The cante and the voices of my life
Last week I was remembering some artists of baile who had a big impact on me and got baile into my veins. There were many others I didn’t mention, because it’s impossible to name them all in one single article. The same will happen in today’s article, devoted to the artists of cante I was able to get acquainted with and were essential in my life.
Last week I was remembering some artists of baile who had a big impact on me and got baile into my veins. There were many others I didn’t mention, because it’s impossible to name them all in one single article. The same will happen in today’s article, devoted to the artists of cante I was able to get acquainted with and were essential in my life. Most of them are gone now, even as they never totally leave us.
Even as many people have often questioned this often, one of the first flamenco artists I ever admired was Antonio Mairena, whom I’ve criticized a lot, and whom I’ll continue to criticize whenever I have to, because I’m a critic by trade. On the other hand, Mairena was also very critical with other cantaores, and also with pretty much everything. I didn’t always understand that aspect of his personality, but eventually I did.
It took me a while for me to embrace Mairena, perhaps because I became a flamenco aficionado when I was very young and I first gravitated towards other younger artists. Before I was twenty years old, I liked Camarón, Gabriel Moreno, Menese, Lebrijano, Morente, La Marelu, María Vargas, Turronero, Chiquetete, José el de la Tomasa and El Chozas. Someone very dear to me once invited me to go further back in time and listen to Juan Talega, Antonio Mairena and Niña de los Peines.
The first time I listened to Juan Talega, in records, I have to admit that I was shocked because I couldn’t comprehend such a worn-out voice, although it had a great depth. I knew at once that it was something big and important, but I needed time to figure out that extremely pure cante. Something similar happened with Antonio Mairena, named above. Oddly, I ended up liking this master from the time I listened to a recital by his brother Manolo, at Seville’s Peña Flamenca El Chozas.
Nowadays, Antonio Mairena and Juan Talega are two of my most important references in flamenco. Just like Perrate, El Sordera, Terremoto, La Paquera, La Perla de Cádiz, Juan Villar, Chano Lobato, Manuel Agujetasand Rafael Romero. If there were no more cantaores or cantaoras ever, we could listen to flamenco for a thousand years just with those mentioned above. That’s just my opinion, though, and anyone is free to disagree.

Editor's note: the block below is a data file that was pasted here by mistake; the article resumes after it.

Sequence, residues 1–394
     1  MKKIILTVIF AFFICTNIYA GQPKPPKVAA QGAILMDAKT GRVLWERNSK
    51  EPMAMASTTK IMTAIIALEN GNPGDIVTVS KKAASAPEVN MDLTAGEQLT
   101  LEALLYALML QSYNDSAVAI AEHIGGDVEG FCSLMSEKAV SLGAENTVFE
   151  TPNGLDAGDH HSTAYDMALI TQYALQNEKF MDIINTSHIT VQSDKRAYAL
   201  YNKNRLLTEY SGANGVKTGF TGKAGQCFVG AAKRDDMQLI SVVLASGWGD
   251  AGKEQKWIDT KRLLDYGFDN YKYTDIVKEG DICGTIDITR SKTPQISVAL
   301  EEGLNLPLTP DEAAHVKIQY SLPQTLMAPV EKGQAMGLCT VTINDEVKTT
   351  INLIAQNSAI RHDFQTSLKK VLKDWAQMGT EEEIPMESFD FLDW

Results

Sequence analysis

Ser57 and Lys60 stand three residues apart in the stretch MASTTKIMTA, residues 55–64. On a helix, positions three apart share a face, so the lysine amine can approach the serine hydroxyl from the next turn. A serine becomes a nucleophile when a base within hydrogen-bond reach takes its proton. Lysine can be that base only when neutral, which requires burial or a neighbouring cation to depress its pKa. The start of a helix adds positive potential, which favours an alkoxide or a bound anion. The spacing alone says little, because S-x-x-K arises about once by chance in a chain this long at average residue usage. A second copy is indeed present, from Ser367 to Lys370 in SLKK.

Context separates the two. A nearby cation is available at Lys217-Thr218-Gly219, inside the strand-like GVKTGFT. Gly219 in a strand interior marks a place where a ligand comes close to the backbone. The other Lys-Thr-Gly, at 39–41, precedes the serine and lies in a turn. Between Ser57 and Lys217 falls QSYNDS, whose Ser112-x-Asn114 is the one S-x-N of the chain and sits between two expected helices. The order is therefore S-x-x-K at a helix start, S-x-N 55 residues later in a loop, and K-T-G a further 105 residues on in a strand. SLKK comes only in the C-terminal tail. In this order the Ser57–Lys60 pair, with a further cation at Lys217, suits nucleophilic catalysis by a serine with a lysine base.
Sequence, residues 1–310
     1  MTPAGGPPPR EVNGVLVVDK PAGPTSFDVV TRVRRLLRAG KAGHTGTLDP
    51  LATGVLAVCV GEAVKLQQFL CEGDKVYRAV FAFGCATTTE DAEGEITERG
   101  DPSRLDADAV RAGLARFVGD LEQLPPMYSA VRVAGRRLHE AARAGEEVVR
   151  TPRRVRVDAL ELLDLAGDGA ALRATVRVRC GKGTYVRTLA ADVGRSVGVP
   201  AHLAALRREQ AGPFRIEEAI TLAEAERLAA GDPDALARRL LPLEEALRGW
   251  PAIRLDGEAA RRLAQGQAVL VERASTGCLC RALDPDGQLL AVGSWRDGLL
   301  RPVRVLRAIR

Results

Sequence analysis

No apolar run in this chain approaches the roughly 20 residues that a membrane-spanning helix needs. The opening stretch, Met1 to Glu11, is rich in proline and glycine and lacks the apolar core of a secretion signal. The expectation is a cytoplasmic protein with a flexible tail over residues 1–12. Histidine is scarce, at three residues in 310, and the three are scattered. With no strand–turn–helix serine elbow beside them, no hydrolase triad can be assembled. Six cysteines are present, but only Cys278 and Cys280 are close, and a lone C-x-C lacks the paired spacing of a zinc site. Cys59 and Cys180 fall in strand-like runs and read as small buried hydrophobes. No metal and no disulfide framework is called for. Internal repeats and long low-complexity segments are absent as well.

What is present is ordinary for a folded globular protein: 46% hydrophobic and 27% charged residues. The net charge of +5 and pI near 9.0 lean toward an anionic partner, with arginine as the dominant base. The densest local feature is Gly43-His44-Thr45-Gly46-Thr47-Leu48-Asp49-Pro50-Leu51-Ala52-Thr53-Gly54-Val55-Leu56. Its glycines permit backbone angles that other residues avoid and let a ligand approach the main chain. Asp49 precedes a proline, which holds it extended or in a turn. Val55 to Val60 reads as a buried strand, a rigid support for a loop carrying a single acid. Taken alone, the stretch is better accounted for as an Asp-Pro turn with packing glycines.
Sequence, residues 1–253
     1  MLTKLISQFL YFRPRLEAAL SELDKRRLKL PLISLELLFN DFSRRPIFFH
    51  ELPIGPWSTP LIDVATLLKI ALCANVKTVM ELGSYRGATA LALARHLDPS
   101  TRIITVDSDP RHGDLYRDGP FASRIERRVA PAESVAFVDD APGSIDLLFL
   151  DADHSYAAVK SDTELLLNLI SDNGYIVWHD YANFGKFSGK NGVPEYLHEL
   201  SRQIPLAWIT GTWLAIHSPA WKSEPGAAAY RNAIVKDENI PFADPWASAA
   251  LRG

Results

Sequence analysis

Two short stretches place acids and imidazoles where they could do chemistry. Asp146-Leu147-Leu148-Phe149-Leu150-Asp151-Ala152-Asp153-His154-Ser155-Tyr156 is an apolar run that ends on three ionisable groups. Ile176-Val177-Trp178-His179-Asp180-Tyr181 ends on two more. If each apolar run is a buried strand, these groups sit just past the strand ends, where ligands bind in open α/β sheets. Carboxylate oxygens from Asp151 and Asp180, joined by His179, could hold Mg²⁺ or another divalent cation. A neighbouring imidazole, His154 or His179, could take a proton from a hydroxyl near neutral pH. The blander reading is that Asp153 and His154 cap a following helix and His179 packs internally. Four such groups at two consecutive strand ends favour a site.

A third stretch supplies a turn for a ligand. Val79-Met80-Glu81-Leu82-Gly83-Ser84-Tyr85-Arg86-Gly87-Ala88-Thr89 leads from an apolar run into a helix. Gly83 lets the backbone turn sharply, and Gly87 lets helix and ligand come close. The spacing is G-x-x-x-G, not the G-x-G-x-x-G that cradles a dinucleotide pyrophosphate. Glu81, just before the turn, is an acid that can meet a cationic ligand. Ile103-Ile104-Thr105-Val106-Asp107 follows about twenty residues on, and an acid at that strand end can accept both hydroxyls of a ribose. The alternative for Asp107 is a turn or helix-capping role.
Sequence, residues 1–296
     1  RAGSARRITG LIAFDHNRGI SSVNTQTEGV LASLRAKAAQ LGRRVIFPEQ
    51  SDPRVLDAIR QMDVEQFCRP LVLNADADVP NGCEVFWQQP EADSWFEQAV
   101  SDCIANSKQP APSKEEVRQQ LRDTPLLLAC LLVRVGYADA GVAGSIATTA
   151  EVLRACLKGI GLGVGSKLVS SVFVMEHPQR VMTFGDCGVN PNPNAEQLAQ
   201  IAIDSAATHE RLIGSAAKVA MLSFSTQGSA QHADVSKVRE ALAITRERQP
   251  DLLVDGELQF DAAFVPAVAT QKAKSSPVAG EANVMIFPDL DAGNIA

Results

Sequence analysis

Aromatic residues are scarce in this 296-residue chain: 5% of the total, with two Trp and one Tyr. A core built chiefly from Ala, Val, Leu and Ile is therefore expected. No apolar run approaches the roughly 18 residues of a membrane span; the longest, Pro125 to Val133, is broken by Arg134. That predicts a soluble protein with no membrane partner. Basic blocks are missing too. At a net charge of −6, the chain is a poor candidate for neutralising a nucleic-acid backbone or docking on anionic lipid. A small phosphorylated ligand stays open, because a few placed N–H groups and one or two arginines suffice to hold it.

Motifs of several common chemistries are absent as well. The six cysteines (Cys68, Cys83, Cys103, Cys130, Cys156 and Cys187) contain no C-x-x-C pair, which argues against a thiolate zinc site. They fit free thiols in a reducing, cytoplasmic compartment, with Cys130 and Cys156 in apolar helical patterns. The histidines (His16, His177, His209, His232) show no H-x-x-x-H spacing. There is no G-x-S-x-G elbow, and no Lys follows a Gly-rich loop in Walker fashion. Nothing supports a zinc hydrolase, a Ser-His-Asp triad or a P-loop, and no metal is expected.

Yet, everything changed in my life when I discovered Antonio Chacón, Manuel Torres, Niña de los Peines, her brother Tomás, Manuel Vallejo, Marchena, Caracol, Carbonero, Pepe Pinto, Sevillano, Manolo Fregenal, Antonio el de la Calzá and Canalejas de Puerto Real. Later, Cepero, Peluso, Antonio el Chaqueta and Niña de la Puebla.
All those mentioned above turned me into an aficionado open to enjoy the different flamenco schools. This allows me to enjoy Arcángel and, at the same time, Jesús Méndez or El Torta. I’ll never understand those who only like one single flamenco school or even one single artist. It’s like eating stew or fish soup every day, refusing to taste a steak or smoked salmon.
Sometimes I’ve been asked which record I would bring, by which cantaor or cantaora, if I were to go live in a desert island until I died of old age. I’d do like Noah at the time of the Deluge: I’d build a huge boat and I’ll put there all records I could find, by artists representing all schools and all styles. And if I were forced to take the records by just one cantaor, which I hope would never happen, I wouldn’t have any doubt: I’ll take anything to do with Tomás Pavón.
Aquí se acabó el carbón.
Que nadie encienda la fragua,
que ha muerto Tomás Pavón.
We’ve ran out of coal
Let’s not fire up the forge,
Because Tomás Pavón is dead.
Translated by P. Young